Of course, this doesn’t help you if you have not owned the property for at least 5 years.

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Check out our in depth article about San Diego capital gains tax on primary residences. 

Other Types of Property

San Diego Capital Gains Tax on Rental Property (2019 Update)

It is important to understand that other types of property carry different taxes when they are sold. 

For example, if you sell your second home, you have to pay normal capital gains taxes. 

Likewise, if you sell a vacation home, it works much the same way. 

In both cases, you are unable to claim a loss. 

For this reason, you should know exactly what types of property you own and what the laws are regarding them. 

There are different capital gain tax limits, depending on how long you have owned it and if you have ever lived in it or not. 

Always keep important documents and paperwork together on your properties, so you will have them when you need them.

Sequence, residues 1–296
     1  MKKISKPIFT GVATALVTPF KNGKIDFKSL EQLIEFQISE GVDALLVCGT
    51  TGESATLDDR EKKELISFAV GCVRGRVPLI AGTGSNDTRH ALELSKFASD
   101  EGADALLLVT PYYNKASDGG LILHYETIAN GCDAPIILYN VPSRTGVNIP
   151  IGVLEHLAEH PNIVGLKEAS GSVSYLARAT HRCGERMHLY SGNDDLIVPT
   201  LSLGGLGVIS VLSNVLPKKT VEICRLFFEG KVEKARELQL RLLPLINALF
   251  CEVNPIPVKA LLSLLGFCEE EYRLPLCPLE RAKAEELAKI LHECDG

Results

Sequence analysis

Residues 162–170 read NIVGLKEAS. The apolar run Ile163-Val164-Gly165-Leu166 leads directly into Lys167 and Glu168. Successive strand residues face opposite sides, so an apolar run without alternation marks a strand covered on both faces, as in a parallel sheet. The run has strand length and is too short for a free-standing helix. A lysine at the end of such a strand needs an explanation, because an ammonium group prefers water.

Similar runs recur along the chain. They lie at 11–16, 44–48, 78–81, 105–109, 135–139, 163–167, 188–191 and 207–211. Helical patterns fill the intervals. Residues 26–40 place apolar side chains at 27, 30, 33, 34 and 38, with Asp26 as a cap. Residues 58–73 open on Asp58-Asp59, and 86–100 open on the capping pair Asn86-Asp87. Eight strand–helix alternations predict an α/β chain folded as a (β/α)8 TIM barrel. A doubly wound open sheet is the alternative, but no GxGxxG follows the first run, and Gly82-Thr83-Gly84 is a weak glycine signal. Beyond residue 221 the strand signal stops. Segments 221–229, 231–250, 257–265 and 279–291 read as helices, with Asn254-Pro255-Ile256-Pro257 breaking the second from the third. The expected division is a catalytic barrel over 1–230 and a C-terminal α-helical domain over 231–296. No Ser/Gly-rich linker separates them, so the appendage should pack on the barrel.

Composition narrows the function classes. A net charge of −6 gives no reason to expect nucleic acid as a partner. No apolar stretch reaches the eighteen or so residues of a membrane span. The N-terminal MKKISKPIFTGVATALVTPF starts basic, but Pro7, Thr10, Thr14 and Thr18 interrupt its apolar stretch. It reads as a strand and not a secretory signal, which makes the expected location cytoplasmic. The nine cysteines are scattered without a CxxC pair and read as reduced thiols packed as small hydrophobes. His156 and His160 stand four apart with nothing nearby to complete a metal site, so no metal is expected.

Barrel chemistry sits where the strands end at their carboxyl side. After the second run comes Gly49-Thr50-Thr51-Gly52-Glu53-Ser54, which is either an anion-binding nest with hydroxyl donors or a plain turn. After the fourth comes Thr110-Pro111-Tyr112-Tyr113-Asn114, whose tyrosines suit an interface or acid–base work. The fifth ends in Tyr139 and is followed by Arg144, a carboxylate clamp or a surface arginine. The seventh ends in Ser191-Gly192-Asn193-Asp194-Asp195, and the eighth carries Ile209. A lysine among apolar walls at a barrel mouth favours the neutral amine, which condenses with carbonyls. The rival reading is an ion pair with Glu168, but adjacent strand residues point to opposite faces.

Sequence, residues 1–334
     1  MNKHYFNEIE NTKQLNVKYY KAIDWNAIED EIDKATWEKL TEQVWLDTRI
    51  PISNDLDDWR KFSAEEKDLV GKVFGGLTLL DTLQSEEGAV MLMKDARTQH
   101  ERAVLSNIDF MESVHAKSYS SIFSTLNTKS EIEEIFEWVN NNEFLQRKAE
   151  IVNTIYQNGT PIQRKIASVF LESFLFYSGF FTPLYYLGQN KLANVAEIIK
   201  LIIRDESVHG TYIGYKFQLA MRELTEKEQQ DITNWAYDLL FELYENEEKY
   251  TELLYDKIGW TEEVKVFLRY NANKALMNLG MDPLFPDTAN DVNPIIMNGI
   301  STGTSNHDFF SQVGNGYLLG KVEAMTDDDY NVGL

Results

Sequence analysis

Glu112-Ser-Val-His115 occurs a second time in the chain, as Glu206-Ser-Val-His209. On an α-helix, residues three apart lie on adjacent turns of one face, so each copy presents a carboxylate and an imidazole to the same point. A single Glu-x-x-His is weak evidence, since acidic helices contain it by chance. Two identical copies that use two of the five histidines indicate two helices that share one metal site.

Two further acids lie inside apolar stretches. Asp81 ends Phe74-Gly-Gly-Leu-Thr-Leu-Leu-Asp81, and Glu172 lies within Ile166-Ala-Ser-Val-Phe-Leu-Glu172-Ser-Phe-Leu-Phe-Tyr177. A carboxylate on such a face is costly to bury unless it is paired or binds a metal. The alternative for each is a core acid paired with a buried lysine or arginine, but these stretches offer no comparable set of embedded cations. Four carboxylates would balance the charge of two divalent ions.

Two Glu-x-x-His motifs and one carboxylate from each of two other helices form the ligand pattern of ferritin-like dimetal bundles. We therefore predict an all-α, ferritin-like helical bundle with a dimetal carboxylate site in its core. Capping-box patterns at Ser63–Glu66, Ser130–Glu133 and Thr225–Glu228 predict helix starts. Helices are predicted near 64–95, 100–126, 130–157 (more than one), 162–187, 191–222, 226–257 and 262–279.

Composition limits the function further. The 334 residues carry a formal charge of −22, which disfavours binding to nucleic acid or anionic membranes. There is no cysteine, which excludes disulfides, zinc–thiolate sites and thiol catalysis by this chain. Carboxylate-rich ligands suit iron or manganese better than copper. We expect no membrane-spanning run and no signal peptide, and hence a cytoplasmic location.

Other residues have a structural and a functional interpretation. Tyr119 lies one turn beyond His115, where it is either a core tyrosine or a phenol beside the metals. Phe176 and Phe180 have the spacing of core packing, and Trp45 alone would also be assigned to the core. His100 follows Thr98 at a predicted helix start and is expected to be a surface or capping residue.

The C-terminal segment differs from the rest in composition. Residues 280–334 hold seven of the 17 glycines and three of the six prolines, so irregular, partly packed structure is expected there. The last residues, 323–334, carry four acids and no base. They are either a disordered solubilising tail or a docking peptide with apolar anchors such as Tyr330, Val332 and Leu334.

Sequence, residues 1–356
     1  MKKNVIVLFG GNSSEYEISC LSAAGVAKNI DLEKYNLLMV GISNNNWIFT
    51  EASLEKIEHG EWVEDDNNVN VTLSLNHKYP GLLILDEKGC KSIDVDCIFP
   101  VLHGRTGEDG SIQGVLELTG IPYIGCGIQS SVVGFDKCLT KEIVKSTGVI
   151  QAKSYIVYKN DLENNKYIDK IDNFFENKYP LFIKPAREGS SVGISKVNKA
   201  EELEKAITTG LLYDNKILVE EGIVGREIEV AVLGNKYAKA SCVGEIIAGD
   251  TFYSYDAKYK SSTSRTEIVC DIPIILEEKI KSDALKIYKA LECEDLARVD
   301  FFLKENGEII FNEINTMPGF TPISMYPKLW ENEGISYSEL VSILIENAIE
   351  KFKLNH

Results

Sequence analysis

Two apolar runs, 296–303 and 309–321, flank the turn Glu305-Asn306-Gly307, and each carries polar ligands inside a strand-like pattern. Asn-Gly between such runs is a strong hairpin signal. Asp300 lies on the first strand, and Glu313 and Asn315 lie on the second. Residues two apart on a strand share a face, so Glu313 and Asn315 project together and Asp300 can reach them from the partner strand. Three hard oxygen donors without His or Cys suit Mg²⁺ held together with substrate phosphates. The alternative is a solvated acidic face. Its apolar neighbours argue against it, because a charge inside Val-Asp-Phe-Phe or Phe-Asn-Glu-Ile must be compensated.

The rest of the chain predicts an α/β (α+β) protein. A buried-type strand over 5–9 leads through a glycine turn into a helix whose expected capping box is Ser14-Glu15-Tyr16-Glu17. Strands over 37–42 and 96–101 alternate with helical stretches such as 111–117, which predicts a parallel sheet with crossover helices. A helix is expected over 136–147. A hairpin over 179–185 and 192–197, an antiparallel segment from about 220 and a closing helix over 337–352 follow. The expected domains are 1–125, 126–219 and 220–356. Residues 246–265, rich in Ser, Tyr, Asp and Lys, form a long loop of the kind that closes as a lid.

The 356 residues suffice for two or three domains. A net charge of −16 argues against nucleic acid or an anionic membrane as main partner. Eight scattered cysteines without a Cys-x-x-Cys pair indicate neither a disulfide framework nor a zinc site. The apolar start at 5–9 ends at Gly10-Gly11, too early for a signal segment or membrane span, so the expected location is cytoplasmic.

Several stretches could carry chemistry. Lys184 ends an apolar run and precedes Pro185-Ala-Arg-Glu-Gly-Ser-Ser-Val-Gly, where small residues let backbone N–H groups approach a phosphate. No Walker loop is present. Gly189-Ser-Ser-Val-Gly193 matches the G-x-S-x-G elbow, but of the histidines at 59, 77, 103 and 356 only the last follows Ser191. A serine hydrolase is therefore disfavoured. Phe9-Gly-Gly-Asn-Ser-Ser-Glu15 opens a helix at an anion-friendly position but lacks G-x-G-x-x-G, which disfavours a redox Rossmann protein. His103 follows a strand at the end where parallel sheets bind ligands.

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Overview

San Diego Capital Gains Tax on Rental Property (2019 Update)

When it comes to selling a rental property, there are stringent rules involving capital gains tax.

You will need to figure out what the capital gain amount is first, which is really the amount you sold it for, minus the purchase price, and the cost of any major improvements you made. 

You will be taxed by the federal government and the state government, based on this number. 

Additionally, you will have to pay depreciation taxes, since you are selling a rental property.

There are a few ways to offset the costs of some of these taxes, however, so you should not only conduct your own research, but you should also be aware of all the laws that may apply to you. 

This will allow you to see all of your options and find out if you need to pay the full capital gains tax amount on your property, or if you can pair it with some other investment that is more advantageous to you. 

What do you think?

Can you now think of some great strategies in which you can lower your property gains taxes?

Let me know in the comments below - or, call/text me at (760) 297-4539

Your Property Gains Tax Insider, 

Scott